About this book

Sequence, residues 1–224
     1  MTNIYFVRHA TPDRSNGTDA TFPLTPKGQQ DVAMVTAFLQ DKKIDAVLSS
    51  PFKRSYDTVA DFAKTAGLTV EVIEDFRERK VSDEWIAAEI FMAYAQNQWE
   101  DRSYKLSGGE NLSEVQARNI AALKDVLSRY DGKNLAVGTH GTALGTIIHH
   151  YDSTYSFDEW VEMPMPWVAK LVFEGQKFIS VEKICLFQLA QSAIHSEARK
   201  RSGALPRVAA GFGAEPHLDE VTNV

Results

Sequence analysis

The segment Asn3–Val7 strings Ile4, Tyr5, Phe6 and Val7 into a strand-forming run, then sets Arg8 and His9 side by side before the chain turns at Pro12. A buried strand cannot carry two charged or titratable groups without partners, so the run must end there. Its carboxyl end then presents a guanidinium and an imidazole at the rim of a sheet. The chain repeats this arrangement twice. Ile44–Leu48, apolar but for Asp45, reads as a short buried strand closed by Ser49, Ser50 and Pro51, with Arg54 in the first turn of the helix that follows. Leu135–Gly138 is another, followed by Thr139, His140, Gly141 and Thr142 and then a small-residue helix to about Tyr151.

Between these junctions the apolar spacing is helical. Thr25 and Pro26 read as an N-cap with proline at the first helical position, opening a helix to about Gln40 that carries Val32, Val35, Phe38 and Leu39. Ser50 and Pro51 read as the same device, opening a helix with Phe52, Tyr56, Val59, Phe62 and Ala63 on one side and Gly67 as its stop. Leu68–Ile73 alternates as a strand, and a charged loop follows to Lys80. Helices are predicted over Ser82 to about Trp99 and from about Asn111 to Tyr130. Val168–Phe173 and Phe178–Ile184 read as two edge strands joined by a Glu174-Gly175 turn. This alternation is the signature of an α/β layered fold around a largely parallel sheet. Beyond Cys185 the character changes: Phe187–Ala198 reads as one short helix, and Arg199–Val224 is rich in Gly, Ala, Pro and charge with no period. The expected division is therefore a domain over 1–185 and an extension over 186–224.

Science is central to our everyday life. Yet, the study of advanced science is often stratified by 'race' or ethnicity. This book draws across science education literature and sociology of education theories. It investigates how social identities of 'race' and ethnicity, social class and gender can shape minority ethnic students' views of, and aspirations toward, science through exploring the experiences of British Black Caribbean, Bangladeshi, Chinese, Indian and Pakistani young people. Is science for 'people like us'? This book engages with and extends our current conceptual thinking around aspiration, capital and identity, in the context of science. For instance, a distinction is made between careers in and from science as well as the educational discourses of 'being the best' and 'trying my best'. It contributes to ongoing discussions around 'science identity' and the emerging idea of 'science capital' along with the development of five 'types' of science participation.